Why the White Sox need Zack Collins to be GOOD

Good day friends, it’s your good pal BeefLoaf coming atcha with some stuff I was working on one morning when I got up too early and ingested too much caffeine. Before I get the jitters, I want to share with you a conclusion that I have come to by digging around the old internets and fondling an excel spreadsheet or two.



In theory, you could say this about any prospect, especially the ones really high up in the pecking order, but I’m talking about something specific. Let’s dig in a bit on Zack Collins‘ minor league numbers. This will get a little numbery, so if that’s not your particular brand of Tequila, you can skip to the end for the conclusion and get all the value from this post.Otherwise….LEGGO.

Zack Collins career minor league slash line .234/.378/.434

That’s Batting Average / On-Base Percentage / Slugging Percentage for those scoring at home.


This includes absolutely EVERYTHING, but according to almost everyone who knows stuff about Zack Collins, he’s going to hit right handed pitching and probably be relegated to the bench vs left handed pitching (those of you watching the White Sox on Tuesday night got a little glimpse of Zack vs LHP).

Versus Right Handed Pitching in AA & AAA .249/.396/.461

Oh gosh, even gooder.

It’s becoming clear to me that Zack Collins does seem to do something pretty well. What does he do well?


As Joe Sheehan would say (paraphrasing), “They need to make more left hand turns at first base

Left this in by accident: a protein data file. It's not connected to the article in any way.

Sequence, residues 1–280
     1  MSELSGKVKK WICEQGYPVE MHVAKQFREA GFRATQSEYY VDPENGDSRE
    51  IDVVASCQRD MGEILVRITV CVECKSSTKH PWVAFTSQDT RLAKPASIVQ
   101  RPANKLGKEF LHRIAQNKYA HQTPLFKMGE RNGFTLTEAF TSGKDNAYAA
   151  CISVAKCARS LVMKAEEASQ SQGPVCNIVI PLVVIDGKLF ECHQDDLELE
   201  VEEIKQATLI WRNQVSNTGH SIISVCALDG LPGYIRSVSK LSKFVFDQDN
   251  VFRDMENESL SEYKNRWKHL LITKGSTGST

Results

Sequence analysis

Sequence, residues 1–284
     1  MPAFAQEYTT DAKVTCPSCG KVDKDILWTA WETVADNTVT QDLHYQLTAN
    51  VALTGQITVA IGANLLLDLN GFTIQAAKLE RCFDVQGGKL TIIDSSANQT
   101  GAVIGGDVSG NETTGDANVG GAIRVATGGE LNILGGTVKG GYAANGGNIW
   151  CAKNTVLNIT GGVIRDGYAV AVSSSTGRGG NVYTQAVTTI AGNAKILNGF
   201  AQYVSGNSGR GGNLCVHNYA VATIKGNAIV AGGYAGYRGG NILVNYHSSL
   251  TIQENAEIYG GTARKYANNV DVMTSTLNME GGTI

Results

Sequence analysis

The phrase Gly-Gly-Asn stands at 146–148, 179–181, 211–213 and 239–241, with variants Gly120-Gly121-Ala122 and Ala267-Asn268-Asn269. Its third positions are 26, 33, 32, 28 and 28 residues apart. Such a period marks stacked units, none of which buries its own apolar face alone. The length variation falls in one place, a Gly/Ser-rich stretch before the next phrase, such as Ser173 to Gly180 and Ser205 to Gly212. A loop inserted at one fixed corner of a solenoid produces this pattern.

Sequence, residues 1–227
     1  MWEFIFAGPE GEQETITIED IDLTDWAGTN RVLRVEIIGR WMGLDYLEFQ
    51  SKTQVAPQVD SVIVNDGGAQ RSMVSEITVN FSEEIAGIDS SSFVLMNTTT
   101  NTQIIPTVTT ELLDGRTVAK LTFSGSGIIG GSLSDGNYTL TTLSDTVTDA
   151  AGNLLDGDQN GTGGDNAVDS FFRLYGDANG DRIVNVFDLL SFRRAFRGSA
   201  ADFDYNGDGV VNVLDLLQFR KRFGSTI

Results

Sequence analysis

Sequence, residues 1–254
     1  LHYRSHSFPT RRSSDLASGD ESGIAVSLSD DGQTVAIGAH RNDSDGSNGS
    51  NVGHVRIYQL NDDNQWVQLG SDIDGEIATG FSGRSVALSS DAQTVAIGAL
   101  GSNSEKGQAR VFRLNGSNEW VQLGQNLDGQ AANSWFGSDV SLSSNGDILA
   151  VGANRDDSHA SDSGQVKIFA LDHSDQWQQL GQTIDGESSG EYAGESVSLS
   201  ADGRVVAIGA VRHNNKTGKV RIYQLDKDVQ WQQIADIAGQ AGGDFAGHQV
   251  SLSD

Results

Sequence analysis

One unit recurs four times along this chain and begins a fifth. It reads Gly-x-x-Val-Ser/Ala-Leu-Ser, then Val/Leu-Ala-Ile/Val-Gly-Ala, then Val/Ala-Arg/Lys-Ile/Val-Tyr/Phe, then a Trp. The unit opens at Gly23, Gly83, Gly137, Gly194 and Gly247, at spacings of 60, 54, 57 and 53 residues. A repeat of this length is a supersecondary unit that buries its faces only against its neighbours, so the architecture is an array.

Below is a table that tells us a few things about “Left Hand Turns” at first base in the American League, since the strike season.

OBP Chart

Since the strike season, I averaged the trailing 5 years of OBP by the American League to flatten out the noise of a single season. Since 1995, OBP is down ~25 pts or basically 7.5%, ie, OBP is becoming much harder to come by. Side-by-side with that analysis is the White Sox OBP by season. The White Sox have been notoriously poor at getting on base. Even the GOOD White Sox teams weren’t GOOD at getting on base. In fact, the last time, they beat AL league average OBP (flattened out using trailing 5 years) was 2006. For those scoring at home, that was a long time ago. To realize how potent an above average OBP version of the White Sox is, the 2000 group lead the AL in runs scored with 978, the 2006 group was 3rd in the AL.


Back in 2006, the White Sox had 3 everyday regulars that exceeded league average (flattened) OBP by more than 8% (WARNING, THIS IS AN ARBITRARY CUT OFF POINT TO ALLOW ME TO EMPHASIS SOMETHING), and they were …….

Paul Konerko .381
Jermaine Dye .385
Jim Thome .416

The 2019 White Sox have 2 such players….

Yoan Moncada .352
James McCann .389

I included this gif to gain favor from MySoxSummer who likely can’t read the chart I included above.

While, I don’t expect Collins to get on base at the same clip as in the minors, the quality of pitching, ldo. I do however wonder if Collins could get 8% above league average, which in this environment is .346. If he could do that, which is 32 pts below his career minor league average he’d be a monster help to a White Sox offense that is starved for base runners. A good on-base Chicago White Sox will be an offensive juggernaut.

I don’t know if Zack Collins will succeed, but you can see why lots of folks are excited at the prospects of his bat succeeding in Chicago.


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